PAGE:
Environment variables in simple linux shell

I am to program a simple shell in C for my project that can implement environment variables. I looked up on how to use the getenv, setenv, putenv. So far so good i've tried to use the getenv to show the shell variables...well... with some succes . But I have a feeling that my reasoning is flawed. I have a char** argv which contains parsed input from the user input. I now check if argv starts with the command "echo" and then if any of the following inputs starts with a $ sign or not. Here's my code:

int executeVariables(char** arguments){
    int i = 0;
    if(strcmp(arguments[i], "echo") == 0){
        char *variable;
        for(i = 1; arguments[i] != NULL; i++){
            char *str = arguments[i];
            if( *(str + 0) == '$'){
                variable = getenv(str + 1);
            }else{
                variable = getenv(str);
            }
            if(!variable){
                //puts("not a variable");
                printf("%s ", arguments[i]);
            }else{
                //puts("a variable");
                printf("%s ", variable);
            }
        }
        printf("\n");
        exit(0);
    }

    return 1;

}

I think that normal linux shell finds the $ sign, it expands the variable before invoking the echo command. My shell isn't following this principle, it's expanding variables inside the echo command itself. Any idea as to how I can implement this? Thanks.

EDIT:

A problem I have is: echo $HOME and echo HOME gives me the same result which is wrong.

EDIT:

After various tests everything works well. But to really test it i'll need to create a local variable then echo this value. I tried it using putenv function but it doesn't create the local variable.

i = 0;
char** temp = malloc(sizeof (*temp));
if(strstr(userInput, "=") != NULL){
    //puts("we got equals");
    puts(userInput);
    if(putenv(userInput) == 0){
       printf("doing putenv(%s)\n", userInput);
        exit(0);
    }
    else{
        puts("couldnt putenv");
       exit(1);
    }
}

userInput: char *userInput is the input gotten from the command line using fgets()

Answers


You're specifically asking the code to do getenv() for the string, even if $ isn't found. That's why it will lookup $HOME or HOME. Just remove the else case for not finding the dollar-sign, and make sure to initialize variable to NULL at its declaration, and put it inside the loop.

Something like so:

// First, perform replacements
int executeVariables(char** arguments){
    int i = 0;

    for(i = 0; arguments[i] != NULL; i++){
        char *str = arguments[i];

        if(*str == '$'){
            // make sure the result isn't NULL, though I'm not sure a real shell does
            char *tmp = getenv(str + 1);
            if (tmp != NULL) {
                arguments[i] = getenv(str + 1); // save off the argument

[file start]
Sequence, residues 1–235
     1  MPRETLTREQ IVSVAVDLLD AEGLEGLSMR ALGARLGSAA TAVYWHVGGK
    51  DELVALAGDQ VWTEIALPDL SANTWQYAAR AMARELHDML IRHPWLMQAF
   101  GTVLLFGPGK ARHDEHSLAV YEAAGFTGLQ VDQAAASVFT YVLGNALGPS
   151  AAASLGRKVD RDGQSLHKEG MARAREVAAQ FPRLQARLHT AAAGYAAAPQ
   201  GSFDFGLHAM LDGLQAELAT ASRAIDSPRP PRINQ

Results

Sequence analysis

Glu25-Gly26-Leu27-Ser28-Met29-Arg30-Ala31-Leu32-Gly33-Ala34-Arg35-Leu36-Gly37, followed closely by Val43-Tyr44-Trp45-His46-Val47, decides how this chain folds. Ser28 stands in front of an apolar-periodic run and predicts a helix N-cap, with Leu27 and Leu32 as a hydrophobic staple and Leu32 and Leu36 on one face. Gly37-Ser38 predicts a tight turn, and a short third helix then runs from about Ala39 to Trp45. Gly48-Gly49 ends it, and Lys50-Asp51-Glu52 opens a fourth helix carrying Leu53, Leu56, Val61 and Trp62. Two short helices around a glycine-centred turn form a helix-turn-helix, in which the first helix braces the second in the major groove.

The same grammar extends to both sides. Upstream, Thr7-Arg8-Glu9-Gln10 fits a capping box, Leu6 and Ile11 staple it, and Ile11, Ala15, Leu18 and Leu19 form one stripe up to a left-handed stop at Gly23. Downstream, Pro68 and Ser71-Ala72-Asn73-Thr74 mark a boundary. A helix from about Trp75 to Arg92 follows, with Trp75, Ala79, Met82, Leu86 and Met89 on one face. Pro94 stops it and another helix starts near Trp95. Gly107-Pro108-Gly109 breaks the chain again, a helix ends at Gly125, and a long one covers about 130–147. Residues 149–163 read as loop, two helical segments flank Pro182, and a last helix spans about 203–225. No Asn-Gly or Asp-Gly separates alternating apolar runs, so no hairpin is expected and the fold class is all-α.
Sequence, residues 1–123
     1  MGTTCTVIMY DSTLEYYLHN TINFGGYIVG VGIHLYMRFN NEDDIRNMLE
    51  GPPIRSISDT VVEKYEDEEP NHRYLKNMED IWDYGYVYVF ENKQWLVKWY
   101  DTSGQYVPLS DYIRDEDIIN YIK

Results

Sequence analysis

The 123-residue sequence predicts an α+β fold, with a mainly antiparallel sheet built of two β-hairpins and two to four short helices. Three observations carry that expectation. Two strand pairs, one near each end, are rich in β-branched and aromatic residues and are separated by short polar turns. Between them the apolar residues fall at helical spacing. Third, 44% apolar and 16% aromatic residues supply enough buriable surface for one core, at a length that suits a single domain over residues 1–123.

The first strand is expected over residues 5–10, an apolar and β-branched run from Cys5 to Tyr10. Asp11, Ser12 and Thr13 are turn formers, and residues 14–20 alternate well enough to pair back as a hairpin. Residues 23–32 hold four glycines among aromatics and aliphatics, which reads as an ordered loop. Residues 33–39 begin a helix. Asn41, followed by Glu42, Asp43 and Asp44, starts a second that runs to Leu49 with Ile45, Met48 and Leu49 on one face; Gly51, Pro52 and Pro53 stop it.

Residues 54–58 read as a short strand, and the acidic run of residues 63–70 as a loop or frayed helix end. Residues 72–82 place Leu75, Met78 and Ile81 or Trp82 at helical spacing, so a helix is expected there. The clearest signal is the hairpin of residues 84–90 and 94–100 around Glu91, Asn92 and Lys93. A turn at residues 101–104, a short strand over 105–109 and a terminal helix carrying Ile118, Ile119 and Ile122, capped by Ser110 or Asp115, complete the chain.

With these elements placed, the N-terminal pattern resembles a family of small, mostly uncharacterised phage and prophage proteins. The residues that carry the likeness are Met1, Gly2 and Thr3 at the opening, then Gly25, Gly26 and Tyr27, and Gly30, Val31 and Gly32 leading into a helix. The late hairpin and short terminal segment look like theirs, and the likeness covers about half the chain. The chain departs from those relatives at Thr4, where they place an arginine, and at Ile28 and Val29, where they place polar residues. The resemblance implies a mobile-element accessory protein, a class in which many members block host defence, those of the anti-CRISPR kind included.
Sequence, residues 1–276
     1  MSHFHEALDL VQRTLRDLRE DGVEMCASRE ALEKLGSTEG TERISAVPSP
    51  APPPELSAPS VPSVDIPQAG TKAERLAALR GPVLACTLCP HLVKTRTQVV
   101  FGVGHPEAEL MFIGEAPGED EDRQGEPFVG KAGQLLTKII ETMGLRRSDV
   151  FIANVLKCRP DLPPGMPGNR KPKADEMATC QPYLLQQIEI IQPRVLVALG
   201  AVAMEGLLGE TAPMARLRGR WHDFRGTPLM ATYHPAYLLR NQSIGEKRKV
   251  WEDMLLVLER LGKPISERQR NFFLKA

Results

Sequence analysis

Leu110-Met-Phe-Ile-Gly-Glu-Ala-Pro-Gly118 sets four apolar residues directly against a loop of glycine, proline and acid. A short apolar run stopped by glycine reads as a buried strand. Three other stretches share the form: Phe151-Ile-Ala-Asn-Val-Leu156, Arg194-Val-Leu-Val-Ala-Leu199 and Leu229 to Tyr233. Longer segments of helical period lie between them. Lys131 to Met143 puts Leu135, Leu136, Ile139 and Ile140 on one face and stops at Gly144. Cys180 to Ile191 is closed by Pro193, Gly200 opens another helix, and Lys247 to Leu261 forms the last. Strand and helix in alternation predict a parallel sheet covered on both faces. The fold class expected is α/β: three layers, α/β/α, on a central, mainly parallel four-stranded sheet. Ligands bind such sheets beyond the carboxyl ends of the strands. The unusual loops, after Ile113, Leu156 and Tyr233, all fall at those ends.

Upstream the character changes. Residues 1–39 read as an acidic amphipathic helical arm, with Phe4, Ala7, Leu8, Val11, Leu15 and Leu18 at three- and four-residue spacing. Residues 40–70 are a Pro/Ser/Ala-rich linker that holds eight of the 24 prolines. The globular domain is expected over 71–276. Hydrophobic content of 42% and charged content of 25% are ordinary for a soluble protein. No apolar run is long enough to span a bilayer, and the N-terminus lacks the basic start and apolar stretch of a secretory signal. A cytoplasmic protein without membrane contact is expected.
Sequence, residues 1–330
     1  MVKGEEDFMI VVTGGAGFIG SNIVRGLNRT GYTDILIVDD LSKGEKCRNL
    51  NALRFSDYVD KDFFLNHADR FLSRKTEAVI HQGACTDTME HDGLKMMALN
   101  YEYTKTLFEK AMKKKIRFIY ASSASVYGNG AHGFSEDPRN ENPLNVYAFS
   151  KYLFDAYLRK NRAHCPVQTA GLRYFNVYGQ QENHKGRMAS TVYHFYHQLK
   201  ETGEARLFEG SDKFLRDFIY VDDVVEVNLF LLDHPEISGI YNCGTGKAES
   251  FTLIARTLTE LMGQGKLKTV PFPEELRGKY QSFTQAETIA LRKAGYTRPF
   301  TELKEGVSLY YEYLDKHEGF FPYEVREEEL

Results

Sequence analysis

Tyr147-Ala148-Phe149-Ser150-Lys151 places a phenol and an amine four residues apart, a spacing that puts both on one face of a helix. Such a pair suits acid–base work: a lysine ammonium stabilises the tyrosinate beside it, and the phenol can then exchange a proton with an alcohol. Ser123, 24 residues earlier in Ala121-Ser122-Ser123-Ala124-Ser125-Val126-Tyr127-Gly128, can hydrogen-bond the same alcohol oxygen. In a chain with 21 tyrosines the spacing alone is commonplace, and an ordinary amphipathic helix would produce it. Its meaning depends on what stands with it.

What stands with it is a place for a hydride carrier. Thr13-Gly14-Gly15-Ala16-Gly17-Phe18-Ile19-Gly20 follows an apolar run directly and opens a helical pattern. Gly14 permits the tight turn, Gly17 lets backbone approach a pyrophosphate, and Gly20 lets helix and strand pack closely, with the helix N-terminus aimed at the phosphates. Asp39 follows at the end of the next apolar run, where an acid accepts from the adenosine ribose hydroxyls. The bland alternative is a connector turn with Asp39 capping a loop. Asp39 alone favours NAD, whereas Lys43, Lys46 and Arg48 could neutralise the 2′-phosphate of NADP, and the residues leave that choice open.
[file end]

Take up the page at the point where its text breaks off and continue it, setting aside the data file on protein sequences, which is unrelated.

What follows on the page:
}
        }
    }

    // Then actually execute the function. This would be like bash's echo builtin
    if (strcmp(arguments[0], "echo") == 0) {
        int i;
        for (i = 1; arguments[i] != NULL; i++) {
            printf("%s ", arguments[i]);
        }
        printf("\n");
    }

    // Other functions could go here

    return 1;
}

Edit: As far as your methodology goes, why do you specifically check for echo? Why not make it generic, and check all the arguments, including the first one? You actually probably want to substitute all the potential environment variables, so if you had MYECHO=echo somewhere, the following would work. To make it more generic, you'd have this function, which would then execute the stuff based on the expanded variables. You could make it all nice and have separate functions, but to fit it all in here, I've updated the code above accordingly, though I haven't tested it. ;)

Edit: That being said, werewindle's comment about doing this earlier does apply -- replace the arguments, like here, and then use that updated arguments array to have a separate function do whatever it needs to do. :)

> $MYVAR totally awesome $HOME
totally awesome /home/user

Edit: As for the putenv() situation, you'll want something structured like the following. This way, it will set it for the shell, and any other processes you run in the shell.

void do_args_env(char *args[])
{
    // do putenv, etc.
}

// inside main loop in shell process
while (1) { // just an example
    if (check_args_syntax(args) != 0) {
        // error
    }

    do_args_env(args);

    // fork and do other stuff
}

(Hopefully final) Edit: As an explanation, processes generally don't (perhaps can't?) affect the environment of processes above them in their hierarchy; only the other way around. So if you putenv() in a child, that child's siblings (i.e. other processes forked from its parent) won't get the environment change.

Glad I could be of help!


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